by Kit Hinkle
Some will go on to remarry. Some can’t bare the thought of it.
I know when I lost Tom, my first thought was to remain alone—after all, we were solid in our marriage and happy together. Could lightning really strike twice?
It’s been years and my thinking has changed. Finding someone new doesn’t mean I’m forgetting Tom—it’s just a choice for me to start the beginning of the rest of my life.
Some don’t feel called to find a person to begin the rest of their life with. My young widowed friend, Kate, has a career as an international missionary. Imagine how independent she is. She craves the companionship of a husband, but feels led to focus on her work and wait for the Lord to bring a spouse if that’s His will.
Some had rough marriages, and feel the bittersweet tangle of sadness and relief. Earlier in life when I lost a marriage to divorce, I burned over the man’s betrayal, and took stock in the part I had in it—my penchant for people pleasing. When I began to date again, I paid attention to my behaviors and waited for a man who was deeply in love with me and was flexible enough to work out our happy dance together.You Learn by Veronica A. Shoffstall After awhile you learn the subtle difference between holding a hand and chaining a soul and you learn that love doesn’t mean possession and company doesn’t mean security. And you begin to learn that kisses aren’t contracts and presents aren’t promises and you begin to accept your defeats with your head up and your eyes ahead with the grace of an adult not the grief of a child. And you learn to build your roads today because tomorrow’s ground is too uncertain for plans and futures have ways of falling down in mid-flight. After awhile you learn that even sunshine burns if you get too much so you plant your own garden and decorate your own soul instead of waiting for someone to bring you flowers. And you learn that you really can endure that you really are strong and you really do have worth and you learn and you learn…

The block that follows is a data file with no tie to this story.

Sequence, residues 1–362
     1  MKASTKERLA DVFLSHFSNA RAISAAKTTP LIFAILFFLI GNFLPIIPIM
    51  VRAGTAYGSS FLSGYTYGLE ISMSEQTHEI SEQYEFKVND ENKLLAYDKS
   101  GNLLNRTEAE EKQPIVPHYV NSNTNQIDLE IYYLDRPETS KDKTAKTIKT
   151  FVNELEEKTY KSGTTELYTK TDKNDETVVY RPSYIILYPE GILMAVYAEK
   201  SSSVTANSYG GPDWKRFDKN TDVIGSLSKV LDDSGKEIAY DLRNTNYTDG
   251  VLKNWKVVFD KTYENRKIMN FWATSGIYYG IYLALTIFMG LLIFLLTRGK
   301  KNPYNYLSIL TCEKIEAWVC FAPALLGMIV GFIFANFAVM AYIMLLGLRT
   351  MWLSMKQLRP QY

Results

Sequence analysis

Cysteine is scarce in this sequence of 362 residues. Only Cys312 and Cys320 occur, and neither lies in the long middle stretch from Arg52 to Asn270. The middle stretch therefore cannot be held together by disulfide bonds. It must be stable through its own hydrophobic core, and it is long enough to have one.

When I first read this poem twenty years ago, I thought through what it meant for me to learn how to do relationships correctly.
Some of us don’t need to learn about relationships—these ladies have an innate way of picking and relating to the right man.
Some of us haven’t learned, and will keep picking the wrong type of man and will repeat the same relationship patterns, maybe because it’s so easy to fall in love and who wants to be alone? If we’re not careful, we can fall right into an old trap.
I know I almost did. In the spirit of wanting companionship, I found myself last year going along with a man’s efforts to steer me into his world. It all seemed right, until some shifts in his behavior shook me out of my trance—reminded me of that first husband who controlled my world without love.
I stopped myself from entering a loveless marriage. In time I would have applied lessons I’ve learned and adjusted and became happy, but isn’t it a blessing to know that I’m not sacrificing true companionship for mere company?
I’m back on track, remembering what I learned all those years ago between my difficult first marriage and my blessed second marriage—that whom you choose to marry is one of the most impactful decisions you make on your life—that nothing trumps the joy of having a marriage based on dependable, faithful love. That companionship doesn’t come from just having someone there. I remember now why losing Tom was so hard, and yet filled with such closure. He really loved me. That’s something I won’t sacrifice just for the sake of having a body there.